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Judge speculates on ATF jealousy, perjury, potential criminality in Dobyns suit

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A transcript of the closing arguments of his case reveal presiding federal judge Francis M. Allegra has severe concerns about the conduct of Bureau of Alcohol, Tobacco, Firearms and Explosives witness testimony, former agent Jay Dobyns shared Wednesday on the CleanUpATF website.

“[Director B. Todd] Jones, [Deputy Director Thomas E.] Brandon and [Assistant Director (Field Operations) Ronald] Turk need to prepare to terminate some of their buddies when the judge rules,” Dobyns noted in a forum on the website established by whistleblowers opposed to agency waste, abuse, corruption and fraud. “The judge states that not only is the perjury of government witnesses a concern to him but additionally, ATF employees may have acted criminally.

“Jones and Brandon could have done something about this,” he asserted. “They were in a perfect position to lead and be heroes to the field. They decided it was best to just not do anything. They feel leadership is covering for their inner circle.”

Dobyns’ story is a familiar one to longtime readers of this column. His case involves a contract dispute suit in which the retired Bureau of Alcohol, Tobacco, Firearms and Explosives agent maintains that, following an undercover operation in which he infiltrated the Hells Angels, ATF “failed to protect him and his family from threats and violence [and] that ATF's actions (and lack thereof) violated an agreement he had with the agency.”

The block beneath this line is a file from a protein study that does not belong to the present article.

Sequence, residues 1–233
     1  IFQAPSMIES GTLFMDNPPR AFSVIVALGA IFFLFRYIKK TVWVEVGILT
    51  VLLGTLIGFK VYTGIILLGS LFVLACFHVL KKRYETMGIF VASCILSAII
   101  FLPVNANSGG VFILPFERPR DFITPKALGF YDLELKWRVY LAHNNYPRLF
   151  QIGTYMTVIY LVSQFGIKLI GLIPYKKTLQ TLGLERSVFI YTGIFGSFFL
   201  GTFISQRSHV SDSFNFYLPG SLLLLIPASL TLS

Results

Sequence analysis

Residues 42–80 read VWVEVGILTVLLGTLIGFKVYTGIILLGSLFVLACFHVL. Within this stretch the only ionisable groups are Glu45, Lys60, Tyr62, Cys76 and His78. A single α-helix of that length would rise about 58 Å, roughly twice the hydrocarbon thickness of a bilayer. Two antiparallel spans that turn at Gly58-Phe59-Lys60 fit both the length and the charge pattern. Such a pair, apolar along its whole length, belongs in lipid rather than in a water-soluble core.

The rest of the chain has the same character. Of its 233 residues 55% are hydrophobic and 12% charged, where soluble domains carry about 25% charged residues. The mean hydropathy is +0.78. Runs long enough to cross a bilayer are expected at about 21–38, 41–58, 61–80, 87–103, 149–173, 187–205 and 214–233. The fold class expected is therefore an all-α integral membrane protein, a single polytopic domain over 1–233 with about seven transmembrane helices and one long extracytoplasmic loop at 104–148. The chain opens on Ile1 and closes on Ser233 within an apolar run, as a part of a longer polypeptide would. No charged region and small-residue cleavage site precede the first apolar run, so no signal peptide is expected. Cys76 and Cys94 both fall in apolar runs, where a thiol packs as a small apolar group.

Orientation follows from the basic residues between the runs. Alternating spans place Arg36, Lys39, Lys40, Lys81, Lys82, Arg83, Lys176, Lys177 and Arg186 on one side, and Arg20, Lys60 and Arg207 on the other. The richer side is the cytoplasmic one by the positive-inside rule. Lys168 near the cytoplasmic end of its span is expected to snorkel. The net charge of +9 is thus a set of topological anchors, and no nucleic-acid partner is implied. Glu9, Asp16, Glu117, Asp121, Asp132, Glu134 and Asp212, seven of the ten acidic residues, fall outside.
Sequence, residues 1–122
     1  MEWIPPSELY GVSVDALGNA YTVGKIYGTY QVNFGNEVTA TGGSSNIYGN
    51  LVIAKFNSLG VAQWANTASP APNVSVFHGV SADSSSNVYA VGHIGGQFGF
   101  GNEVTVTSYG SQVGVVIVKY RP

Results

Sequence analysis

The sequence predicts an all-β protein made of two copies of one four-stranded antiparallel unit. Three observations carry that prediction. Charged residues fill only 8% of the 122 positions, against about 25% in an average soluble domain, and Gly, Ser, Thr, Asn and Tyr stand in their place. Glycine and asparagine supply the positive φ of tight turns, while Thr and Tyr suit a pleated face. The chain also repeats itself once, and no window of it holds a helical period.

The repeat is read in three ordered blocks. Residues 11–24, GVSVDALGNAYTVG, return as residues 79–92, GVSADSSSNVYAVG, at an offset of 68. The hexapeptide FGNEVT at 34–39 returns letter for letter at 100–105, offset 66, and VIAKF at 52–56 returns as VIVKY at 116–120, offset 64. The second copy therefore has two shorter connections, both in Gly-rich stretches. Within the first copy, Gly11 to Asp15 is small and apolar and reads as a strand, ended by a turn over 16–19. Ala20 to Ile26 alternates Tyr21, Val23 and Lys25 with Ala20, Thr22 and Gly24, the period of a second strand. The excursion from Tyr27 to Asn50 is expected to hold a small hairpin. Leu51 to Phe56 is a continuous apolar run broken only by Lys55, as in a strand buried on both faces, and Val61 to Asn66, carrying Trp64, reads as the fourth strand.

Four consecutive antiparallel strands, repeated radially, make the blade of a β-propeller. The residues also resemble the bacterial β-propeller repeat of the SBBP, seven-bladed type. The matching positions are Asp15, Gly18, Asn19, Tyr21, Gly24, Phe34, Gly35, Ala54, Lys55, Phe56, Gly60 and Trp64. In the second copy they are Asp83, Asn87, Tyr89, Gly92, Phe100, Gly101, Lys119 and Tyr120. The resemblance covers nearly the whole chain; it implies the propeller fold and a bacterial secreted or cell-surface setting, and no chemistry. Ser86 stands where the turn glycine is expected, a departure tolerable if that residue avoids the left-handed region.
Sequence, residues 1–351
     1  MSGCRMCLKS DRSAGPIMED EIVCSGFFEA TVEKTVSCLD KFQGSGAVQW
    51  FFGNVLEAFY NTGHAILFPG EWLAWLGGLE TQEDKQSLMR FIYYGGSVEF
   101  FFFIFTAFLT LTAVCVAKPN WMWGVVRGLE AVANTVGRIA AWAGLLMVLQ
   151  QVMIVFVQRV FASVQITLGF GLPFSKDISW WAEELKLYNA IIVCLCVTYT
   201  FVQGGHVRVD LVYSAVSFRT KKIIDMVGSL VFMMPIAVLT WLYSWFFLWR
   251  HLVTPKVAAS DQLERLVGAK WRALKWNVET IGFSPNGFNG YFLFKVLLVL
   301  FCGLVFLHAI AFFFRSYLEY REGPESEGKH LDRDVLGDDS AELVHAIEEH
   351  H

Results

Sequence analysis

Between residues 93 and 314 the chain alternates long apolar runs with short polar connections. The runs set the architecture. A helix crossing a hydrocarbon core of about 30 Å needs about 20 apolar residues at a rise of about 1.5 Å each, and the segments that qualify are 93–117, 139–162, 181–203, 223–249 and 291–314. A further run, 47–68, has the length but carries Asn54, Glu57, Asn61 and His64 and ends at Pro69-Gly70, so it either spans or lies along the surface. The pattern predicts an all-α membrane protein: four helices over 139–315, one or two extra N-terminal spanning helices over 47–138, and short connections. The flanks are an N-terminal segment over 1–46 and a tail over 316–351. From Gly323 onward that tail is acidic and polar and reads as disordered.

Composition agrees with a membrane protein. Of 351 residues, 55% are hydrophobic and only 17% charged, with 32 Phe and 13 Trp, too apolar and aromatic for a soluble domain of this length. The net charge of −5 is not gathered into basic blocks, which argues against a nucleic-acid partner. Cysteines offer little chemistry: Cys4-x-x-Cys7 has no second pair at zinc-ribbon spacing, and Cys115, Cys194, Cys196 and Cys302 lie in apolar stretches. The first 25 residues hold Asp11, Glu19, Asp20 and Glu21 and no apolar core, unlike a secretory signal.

For their part, ATF maintained Dobyns breached any contractual obligations they owed him by authoring the book “No Angel: My Harrowing Undercover Journey to the Inner Circle of the Hells Angels,” which is curious considering the bureau proudly featured it in their headquarters on an ATF Authors display, and discussion of tradecraft in his book was previously supported and released by ATF in two other books and numerous television documentaries (“Deadly Devotion: Dangerous Ground” will be broadcast again on Discovery July 2 at 6 p.m.).

“I have to say I don't think there's serious question that certain agents of the ATF here acted inappropriately, likely contrary to Agency policy and maybe even unlawfully in dealing with Agent Dobyns,” Allegra noted.

“[T]here's significant evidence suggesting that other contact -- conduct, directed at Agent Dobyns and his family was purposeful with at least some indication that conduct was prompted by professional jealousy, intra-agency rivalries within the ATF or perhaps just spite, and I just note that there's evidence in that regard,” the judge observed. “To make matters worse, I am deeply concerned that some of the ATF agents who testified before me during this three-week trial were less than candid.

“Rest assured that ... I will get to the bottom of who is telling the truth here. And no matter how this case turns out, I will render extensive findings about what the ATF did and did not do here,” Allegra declared.

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